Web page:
Long-term disadvantages of selective root placement: root proliferation and shoot biomass of two perennial grass species in a 2-year experiment
Article first published online: 26 MAR 2002
Journal of Ecology
Volume 89, Issue 5, pages 711–722, October 2001
How to Cite
Fransen, B. and De Kroon, H. (2001), Long-term disadvantages of selective root placement: root proliferation and shoot biomass of two perennial grass species in a 2-year experiment. Journal of Ecology, 89: 711–722. doi: 10.1046/j.0022-0477.2001.00589.x
- Issue published online: 26 MAR 2002
- Article first published online: 26 MAR 2002
- nutrient heterogeneity;
- root proliferation;
- root longevity
- 1The long-term benefits of root foraging in heterogeneous environments are unclear. The short duration of many previous studies may have overlooked the effects of patch depletion and root turnover, which may limit the long-term rewards of root foraging for perennial plants.
- 2The benefits of root foraging were investigated for Holcus lanatus and Nardus stricta over two growing seasons. Shoot biomass of each species was measured in homogeneous nutrient-rich and nutrient-poor treatments and in a heterogeneous treatment consisting of a nutrient-rich and a nutrient-poor side, at a high and a low overall level of nutrient availability at the same patch contrast. Large initial differences in nitrate concentrations in the soil solution between the soil types disappeared so that, after several months, nitrate levels were low in all soil types.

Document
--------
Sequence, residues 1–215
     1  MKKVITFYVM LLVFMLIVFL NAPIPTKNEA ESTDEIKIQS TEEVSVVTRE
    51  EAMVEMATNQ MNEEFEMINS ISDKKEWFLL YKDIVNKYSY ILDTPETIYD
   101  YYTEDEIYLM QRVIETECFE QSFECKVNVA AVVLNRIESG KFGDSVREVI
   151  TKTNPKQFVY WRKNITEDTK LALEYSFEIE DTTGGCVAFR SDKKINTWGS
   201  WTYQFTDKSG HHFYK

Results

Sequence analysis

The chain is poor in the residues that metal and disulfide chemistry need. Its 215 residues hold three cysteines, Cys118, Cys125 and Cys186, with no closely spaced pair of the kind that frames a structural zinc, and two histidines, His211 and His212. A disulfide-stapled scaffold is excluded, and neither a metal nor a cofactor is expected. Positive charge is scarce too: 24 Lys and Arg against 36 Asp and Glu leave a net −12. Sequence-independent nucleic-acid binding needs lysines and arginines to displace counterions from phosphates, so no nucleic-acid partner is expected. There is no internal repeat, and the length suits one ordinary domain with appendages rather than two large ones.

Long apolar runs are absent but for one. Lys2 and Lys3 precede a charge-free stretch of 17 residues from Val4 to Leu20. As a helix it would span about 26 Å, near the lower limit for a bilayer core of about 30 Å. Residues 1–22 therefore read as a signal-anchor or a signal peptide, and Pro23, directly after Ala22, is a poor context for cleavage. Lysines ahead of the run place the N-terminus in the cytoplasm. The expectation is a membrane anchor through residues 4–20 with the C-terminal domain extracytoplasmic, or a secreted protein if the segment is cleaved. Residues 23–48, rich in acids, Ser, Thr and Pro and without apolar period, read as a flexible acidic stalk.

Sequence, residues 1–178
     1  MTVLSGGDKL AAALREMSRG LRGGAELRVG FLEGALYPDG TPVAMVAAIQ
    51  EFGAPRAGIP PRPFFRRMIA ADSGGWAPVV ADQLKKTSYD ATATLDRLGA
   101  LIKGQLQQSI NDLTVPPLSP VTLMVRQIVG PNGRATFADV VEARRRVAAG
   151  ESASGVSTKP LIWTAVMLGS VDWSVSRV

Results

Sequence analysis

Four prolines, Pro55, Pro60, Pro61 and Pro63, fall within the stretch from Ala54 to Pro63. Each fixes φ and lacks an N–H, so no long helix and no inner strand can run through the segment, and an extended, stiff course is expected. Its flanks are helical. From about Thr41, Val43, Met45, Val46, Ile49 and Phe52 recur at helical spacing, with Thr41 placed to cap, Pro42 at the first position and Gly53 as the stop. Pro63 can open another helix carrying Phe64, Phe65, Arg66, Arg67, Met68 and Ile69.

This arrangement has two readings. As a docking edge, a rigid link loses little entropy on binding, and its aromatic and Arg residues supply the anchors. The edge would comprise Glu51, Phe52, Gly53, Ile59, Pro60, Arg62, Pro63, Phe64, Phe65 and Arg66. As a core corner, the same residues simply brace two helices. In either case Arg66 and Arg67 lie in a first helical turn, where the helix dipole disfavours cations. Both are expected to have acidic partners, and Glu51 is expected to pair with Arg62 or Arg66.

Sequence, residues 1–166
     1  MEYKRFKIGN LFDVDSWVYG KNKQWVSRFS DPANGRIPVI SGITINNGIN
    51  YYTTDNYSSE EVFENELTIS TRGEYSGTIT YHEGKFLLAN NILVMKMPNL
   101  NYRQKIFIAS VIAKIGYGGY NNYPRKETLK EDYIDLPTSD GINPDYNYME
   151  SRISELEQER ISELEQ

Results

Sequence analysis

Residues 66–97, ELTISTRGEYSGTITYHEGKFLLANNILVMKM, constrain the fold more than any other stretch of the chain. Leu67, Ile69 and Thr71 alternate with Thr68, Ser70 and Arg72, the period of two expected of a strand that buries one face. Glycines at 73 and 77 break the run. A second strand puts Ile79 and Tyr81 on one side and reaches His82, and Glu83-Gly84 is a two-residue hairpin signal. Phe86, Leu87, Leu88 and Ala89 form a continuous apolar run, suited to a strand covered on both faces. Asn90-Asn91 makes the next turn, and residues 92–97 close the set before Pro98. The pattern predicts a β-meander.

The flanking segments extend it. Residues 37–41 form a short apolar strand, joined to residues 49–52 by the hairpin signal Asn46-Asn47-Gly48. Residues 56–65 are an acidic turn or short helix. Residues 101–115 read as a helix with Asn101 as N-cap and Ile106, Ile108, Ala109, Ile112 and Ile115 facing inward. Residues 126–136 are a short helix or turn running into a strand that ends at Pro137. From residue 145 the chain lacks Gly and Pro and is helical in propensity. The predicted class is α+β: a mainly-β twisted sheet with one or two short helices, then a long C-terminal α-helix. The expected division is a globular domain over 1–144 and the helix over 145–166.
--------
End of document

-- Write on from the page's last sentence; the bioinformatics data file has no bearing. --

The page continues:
- 3In heterogeneous treatments, Holcus was able to proliferate roots in the nutrient-rich side compared with the nutrient-poor side, but only at the high overall level of nutrient availability. Nardus did not selectively place roots in the nutrient-rich side of the heterogeneous treatment at either nutrient level.
- 4Root longevity, as determined by minirhizotron observations, revealed that roots of Holcus tended to be shorter lived than those of Nardus, and to live longer in nutrient-poor soils.
- 5Initially, Holcus produced more shoot biomass in the heterogeneous treatments, at both overall levels of nutrient availability, than expected from values in the homogeneous treatments, but this advantage disappeared by the end of the first growing season and, after 2 years, shoot biomass in the heterogeneous treatments was much less than expected. At the high overall level of nutrient availability, Holcus shoot biomass was not significantly greater than that produced in the homogeneous nutrient-poor treatment. In contrast, shoot biomass of Nardus in the heterogeneous treatment was similar to the expected value, both after the first and second growing seasons.
- 6For Holcus, fast root proliferation and presumably a high nutrient uptake resulted in increased shoot biomass in the short term, but this was then curtailed by rapid patch depletion and high losses due to a limited root life span. We discuss the implications for the long-term rewards of root proliferation in perennial species of heterogeneous environments.